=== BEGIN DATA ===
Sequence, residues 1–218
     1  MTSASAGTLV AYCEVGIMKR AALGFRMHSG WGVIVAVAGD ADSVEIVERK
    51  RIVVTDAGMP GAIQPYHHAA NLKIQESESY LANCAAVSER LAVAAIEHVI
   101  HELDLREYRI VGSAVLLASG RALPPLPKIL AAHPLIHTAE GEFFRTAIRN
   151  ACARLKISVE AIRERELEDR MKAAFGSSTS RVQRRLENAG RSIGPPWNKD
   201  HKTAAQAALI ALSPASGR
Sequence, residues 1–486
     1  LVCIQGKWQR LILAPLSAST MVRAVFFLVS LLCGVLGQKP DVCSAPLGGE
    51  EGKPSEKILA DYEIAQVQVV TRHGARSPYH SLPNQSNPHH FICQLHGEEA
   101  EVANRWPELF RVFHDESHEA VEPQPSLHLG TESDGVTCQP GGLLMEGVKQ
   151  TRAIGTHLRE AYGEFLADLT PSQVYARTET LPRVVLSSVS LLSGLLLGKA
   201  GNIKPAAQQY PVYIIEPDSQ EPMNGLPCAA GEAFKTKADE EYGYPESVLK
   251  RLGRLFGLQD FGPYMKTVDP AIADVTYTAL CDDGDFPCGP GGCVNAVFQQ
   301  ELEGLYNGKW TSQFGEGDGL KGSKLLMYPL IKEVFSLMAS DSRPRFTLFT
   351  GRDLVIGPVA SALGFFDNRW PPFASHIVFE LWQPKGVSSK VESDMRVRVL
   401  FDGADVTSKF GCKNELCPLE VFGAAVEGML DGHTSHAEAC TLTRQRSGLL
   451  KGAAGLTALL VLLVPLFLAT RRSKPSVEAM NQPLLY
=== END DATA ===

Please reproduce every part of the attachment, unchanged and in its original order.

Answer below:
Sequence, residues 1–218
     1  MTSASAGTLV AYCEVGIMKR AALGFRMHSG WGVIVAVAGD ADSVEIVERK
    51  RIVVTDAGMP GAIQPYHHAA NLKIQESESY LANCAAVSER LAVAAIEHVI
   101  HELDLREYRI VGSAVLLASG RALPPLPKIL AAHPLIHTAE GEFFRTAIRN
   151  ACARLKISVE AIRERELEDR MKAAFGSSTS RVQRRLENAG RSIGPPWNKD
   201  HKTAAQAALI ALSPASGR
Sequence, residues 1–486
     1  LVCIQGKWQR LILAPLSAST MVRAVFFLVS LLCGVLGQKP DVCSAPLGGE
    51  EGKPSEKILA DYEIAQVQVV TRHGARSPYH SLPNQSNPHH FICQLHGEEA
   101  EVANRWPELF RVFHDESHEA VEPQPSLHLG TESDGVTCQP GGLLMEGVKQ
   151  TRAIGTHLRE AYGEFLADLT PSQVYARTET LPRVVLSSVS LLSGLLLGKA
   201  GNIKPAAQQY PVYIIEPDSQ EPMNGLPCAA GEAFKTKADE EYGYPESVLK
   251  RLGRLFGLQD FGPYMKTVDP AIADVTYTAL CDDGDFPCGP GGCVNAVFQQ
   301  ELEGLYNGKW TSQFGEGDGL KGSKLLMYPL IKEVFSLMAS DSRPRFTLFT
   351  GRDLVIGPVA SALGFFDNRW PPFASHIVFE LWQPKGVSSK VESDMRVRVL
   401  FDGADVTSKF GCKNELCPLE VFGAAVEGML DGHTSHAEAC TLTRQRSGLL
   451  KGAAGLTALL VLLVPLFLAT RRSKPSVEAM NQPLLY